Tenderness: A Novel

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Delacorte Press, 1997 - Juvenile Fiction - 229 pages
39 Reviews
Eighteen-year-old Eric has just been released from juvenile detention formurdering his mother and stepfather. Now he's looking fortenderness--tenderness he finds in caressing and killing beautiful girls.

Fifteen-year-old Lori has run away from home again. Emotionally naive butsexually precocious, she is also looking for tenderness--tenderness she findsin Eric. Will Lori and Eric be each other's salvation or destruction? Toldfrom their alternating points of view, this harrowing thriller speeds to itsfateful conclusion with an irresistible force, and a final twist that will notbe easily forgotten.

Click here to read the "Tenderness" Reader's Companion, whichincludes suggested discussion topics and an interview with Robert Cormier.

*"Cormier is in top form in this cilling portrait...a sense of 'tenderness' pervades this gripping tale."
-- "School Library Journal," starred review

"Cormier's latest is a mesmerizing plunge into the mind of a psychopathic teenkiller that is both deeply disturbing and utterly compelling."
-- "Booklist"

"A serial killer; an aging cop with a hunch; an impulsive 15-year-oldrunaway: Three familiar characters are spun by a master of suspense intoanother disturbing study in emotional dysfunction."
-- "Kirkus Reviews"

"Rarely has Cormier's irony been darker...readers will stay on the edge of their seats."
-- "Publishers Weekly"

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Review: Tenderness

User Review  - Amy - Goodreads

This novel certainly has an interesting premise: it is narrated by several characters. The main characters are Eric, a teenage serial killer, and Lori, a strangely obsessive girl (whose most recent ... Read full review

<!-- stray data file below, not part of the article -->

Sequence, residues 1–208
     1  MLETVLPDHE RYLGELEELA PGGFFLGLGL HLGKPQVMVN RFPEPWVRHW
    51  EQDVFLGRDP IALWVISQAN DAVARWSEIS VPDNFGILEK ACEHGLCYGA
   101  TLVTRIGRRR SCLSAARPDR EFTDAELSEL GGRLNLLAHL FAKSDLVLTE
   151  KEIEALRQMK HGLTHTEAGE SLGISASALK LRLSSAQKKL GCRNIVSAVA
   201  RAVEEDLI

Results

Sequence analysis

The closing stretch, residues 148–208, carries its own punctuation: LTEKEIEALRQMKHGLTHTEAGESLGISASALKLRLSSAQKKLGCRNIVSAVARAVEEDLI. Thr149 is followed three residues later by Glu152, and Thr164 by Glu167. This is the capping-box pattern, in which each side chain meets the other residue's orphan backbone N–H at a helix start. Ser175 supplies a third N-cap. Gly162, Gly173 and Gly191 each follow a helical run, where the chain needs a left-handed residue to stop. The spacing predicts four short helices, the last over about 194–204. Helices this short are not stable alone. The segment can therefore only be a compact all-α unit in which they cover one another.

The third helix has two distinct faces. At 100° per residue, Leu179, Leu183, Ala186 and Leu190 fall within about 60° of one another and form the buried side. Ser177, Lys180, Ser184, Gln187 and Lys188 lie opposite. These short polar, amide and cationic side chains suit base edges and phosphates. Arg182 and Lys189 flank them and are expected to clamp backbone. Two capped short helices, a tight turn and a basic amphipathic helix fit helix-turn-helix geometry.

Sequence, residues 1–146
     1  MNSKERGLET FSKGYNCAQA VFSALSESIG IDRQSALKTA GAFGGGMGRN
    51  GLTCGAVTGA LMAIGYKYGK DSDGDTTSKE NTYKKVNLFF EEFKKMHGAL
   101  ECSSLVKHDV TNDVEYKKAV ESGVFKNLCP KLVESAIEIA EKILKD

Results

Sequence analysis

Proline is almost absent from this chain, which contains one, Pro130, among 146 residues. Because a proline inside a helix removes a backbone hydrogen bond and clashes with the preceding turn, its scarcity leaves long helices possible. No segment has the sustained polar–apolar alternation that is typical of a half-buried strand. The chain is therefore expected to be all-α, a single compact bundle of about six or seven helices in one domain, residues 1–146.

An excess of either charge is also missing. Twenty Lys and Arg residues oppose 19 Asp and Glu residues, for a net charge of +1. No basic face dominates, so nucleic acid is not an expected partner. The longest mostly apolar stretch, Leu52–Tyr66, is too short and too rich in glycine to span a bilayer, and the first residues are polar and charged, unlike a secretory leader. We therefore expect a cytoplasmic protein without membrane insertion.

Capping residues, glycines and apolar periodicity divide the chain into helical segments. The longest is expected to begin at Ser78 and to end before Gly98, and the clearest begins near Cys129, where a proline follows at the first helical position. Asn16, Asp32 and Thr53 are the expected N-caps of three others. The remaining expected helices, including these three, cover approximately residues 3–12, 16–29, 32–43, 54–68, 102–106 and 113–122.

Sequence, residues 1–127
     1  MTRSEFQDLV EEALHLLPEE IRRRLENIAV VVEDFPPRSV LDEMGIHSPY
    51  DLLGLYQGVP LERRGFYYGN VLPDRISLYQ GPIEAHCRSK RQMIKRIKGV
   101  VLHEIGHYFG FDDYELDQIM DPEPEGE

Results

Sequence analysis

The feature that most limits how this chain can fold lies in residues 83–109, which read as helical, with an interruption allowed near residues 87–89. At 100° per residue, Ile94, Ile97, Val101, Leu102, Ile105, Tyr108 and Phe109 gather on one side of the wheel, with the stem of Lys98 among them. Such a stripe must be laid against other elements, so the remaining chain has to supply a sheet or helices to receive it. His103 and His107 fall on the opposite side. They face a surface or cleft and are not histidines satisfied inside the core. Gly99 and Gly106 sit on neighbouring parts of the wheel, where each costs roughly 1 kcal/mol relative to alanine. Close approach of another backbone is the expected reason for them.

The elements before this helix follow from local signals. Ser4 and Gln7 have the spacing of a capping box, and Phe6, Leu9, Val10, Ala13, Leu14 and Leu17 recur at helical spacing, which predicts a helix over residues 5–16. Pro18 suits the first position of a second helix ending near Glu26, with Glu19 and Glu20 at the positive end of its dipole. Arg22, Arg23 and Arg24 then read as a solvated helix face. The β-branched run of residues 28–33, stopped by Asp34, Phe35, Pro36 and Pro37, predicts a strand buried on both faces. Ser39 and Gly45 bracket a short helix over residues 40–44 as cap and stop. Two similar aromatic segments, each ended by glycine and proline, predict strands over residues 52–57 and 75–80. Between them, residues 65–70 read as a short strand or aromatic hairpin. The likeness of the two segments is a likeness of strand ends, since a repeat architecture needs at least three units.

Review: Tenderness

User Review  - Charlsty Joyce - Goodreads

Summary Tenderness by: Robert Cormier Eric Poole is a young, 18 year old socio/psychopath, that kills and caresses girls that are beautiful, tall, and thin. They also have dark hair, eyes, and olive ... Read full review


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About the author (1997)

Robert Cormier (pronounced kor-MEER) lived all his life in Leominster, Massachusetts, a small town in the north-central part of the state, where he grew up as part of a close, warm community of French Canadian immigrants. His wife, Connie, also from Leominster, still lives in the house where they raised their three daughters and one son–all adults now. They never saw a reason to leave. “There are lots of untold stories right here on Main Street,” Cormier once said.

A newspaper reporter and columnist for 30 years (working for the Worcester Telegram and Gazette and the Fitchburg Sentinel), Cormier was often inspired by news stories. What makes his works unique is his ability to make evil behavior understandable, though, of course, still evil. ?

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